My last work experience before finding my professional life goal of reproductive rights was at the World Bank. I got there to join a multilateral organization whose primary mission is to reduce poverty. I gained experience working in Latin America and South Asia with education and health programs. And finally, I was hired to work with the Executive Vice President and CEO of the Multilateral Investment Guarantee Agency (MIGA).
MIGA is a member of the World Bank Group, and its mission is to promote cross-border investment in developing countries by providing guarantees, like political risk insurance and credit enhancement, to investors and lenders for their projects, protecting them from
noncommercial risks.
It was a complete shift, but the final straw of experience was that I needed to understand how to combine effectiveness with social justice. I worked with many empowered women, which lifted me a lot and pushed me to find my real calling.

When the opportunity arose with an opening at the Center for Reproductive Rights, I knew I was ready to make that final shift. I had the experience, the connections, the drive, and the work ethic that, even with my lack of sexual and reproductive rights experience, were a driver big enough for me to learn what I needed to and start working. And that's precisely what I did.

My first countries and projects were challenging. I started working in Honduras and El Salvador. Both had total abortion bans. In addition, Honduras had a complete ban on emergency contraception, and El Salvador was wrongfully criminalizing women and sending them to prison for up to forty years in prison, for having obstetric emergencies, stillbirths, or miscarriages. It was a challenge that I took, convinced that I could help.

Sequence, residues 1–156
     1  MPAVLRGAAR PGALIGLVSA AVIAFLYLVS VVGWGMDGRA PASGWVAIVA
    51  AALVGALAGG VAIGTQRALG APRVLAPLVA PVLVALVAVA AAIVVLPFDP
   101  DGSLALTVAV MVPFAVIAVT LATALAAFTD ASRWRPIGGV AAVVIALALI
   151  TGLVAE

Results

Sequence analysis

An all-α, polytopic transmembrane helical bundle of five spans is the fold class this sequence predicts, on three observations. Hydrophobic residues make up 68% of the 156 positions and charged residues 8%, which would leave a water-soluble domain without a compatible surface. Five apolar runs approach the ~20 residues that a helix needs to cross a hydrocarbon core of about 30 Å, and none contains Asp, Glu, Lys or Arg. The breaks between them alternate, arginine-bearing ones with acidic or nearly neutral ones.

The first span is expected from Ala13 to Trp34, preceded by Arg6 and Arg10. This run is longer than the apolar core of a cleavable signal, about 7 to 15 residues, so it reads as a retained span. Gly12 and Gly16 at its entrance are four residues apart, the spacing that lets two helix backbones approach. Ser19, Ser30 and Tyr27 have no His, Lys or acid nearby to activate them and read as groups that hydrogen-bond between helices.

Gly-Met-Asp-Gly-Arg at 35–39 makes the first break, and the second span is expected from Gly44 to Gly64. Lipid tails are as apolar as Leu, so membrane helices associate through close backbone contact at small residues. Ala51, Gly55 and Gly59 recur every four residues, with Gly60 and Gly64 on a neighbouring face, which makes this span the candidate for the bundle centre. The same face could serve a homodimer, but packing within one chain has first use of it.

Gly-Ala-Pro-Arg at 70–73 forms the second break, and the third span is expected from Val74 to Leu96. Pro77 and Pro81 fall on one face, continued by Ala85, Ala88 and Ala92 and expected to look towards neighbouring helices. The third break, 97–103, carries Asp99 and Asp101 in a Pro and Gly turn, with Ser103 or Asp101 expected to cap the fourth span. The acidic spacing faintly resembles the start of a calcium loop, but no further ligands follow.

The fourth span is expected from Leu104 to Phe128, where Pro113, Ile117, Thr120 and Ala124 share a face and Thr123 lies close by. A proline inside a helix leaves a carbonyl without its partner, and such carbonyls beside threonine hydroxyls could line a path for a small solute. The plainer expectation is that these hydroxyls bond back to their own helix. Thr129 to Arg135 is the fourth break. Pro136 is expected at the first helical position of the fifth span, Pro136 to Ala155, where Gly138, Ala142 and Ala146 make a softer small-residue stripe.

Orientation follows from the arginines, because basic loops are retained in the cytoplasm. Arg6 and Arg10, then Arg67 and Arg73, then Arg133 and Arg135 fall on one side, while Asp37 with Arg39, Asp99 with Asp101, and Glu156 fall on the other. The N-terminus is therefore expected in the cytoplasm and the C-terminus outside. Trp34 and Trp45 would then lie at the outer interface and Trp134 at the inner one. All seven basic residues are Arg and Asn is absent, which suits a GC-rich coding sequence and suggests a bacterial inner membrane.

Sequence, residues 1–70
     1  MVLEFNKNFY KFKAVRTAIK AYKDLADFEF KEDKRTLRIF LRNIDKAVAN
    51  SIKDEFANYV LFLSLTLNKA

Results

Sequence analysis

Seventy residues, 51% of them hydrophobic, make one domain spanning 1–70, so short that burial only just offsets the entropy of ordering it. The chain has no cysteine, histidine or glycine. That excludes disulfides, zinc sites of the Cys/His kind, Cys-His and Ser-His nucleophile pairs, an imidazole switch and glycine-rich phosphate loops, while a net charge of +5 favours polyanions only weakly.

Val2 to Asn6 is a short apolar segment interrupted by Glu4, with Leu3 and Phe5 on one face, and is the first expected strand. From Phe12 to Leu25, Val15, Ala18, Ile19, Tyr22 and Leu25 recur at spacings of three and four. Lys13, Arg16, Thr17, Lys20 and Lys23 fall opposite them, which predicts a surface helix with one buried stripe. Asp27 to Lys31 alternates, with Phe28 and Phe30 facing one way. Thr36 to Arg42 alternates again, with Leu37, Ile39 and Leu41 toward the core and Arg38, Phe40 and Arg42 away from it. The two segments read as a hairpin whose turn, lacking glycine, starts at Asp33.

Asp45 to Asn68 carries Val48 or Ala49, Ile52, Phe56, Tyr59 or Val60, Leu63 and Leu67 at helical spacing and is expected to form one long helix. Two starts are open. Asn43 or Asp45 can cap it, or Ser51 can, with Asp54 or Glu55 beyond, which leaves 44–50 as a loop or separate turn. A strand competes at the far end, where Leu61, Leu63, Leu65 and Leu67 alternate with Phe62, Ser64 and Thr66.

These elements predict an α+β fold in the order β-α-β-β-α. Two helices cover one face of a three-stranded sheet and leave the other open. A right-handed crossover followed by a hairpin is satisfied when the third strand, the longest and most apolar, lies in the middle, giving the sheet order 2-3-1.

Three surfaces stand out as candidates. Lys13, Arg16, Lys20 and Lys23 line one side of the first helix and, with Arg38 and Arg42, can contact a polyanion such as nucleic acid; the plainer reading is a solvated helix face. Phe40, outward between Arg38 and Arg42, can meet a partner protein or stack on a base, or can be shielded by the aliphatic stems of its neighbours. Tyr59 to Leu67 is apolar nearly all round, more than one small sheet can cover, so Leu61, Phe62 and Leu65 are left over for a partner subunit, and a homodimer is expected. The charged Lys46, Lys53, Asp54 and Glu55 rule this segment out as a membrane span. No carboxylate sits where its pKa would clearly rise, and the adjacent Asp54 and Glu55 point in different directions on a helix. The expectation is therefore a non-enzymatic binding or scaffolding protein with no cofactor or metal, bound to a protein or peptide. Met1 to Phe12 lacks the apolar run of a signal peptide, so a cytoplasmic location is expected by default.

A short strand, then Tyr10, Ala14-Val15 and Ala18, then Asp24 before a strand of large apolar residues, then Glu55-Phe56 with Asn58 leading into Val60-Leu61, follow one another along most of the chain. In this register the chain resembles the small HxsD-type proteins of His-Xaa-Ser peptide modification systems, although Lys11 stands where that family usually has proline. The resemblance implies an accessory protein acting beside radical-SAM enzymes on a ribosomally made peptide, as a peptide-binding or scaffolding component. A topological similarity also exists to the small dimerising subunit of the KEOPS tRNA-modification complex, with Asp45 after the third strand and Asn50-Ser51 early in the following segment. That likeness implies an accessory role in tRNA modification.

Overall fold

In my current role, I reflect on my experience, the lessons learned, and the next challenges. I have always been a complex and dedicated worker in all my positions, but challenges drive me, and it energizes me to think about how much women and girls will benefit from our work. And when I get frustrated, because in this work that happens a lot, I think about Teodora, Maria Teresa, or Imelda, some of the women we freed in El Salvador, and immediately remember why and for whom we do this work. It is not for me; it is for them.

Describe your biggest strength as a leader

My strengths as a leader are that I'm a people person and my work ethic. I enjoy connecting and fostering my relationships and networks, personally and professionally. I'm also straightforward, honest, and reliable, which are essential qualities to have if you want to build and strengthen trust. People must know they can believe in your word and your work.
And finally, I believe in leading by example. You can't expect others to do something a certain way if you do the opposite of what you ask.

Describe your biggest challenge as a leader

My biggest challenges as a leader are being able to find work-life balance, I’m also a bit of a workaholic, and struggling with flexibility.
WEC is a fully remote organization, and one of our principles is flexibility. That sometimes could be a challenge for me due to my old school "work until it is done" mentality.
My colleagues have told me I have improved but must continue working on that.

About the
and the Project.



Vision & Mission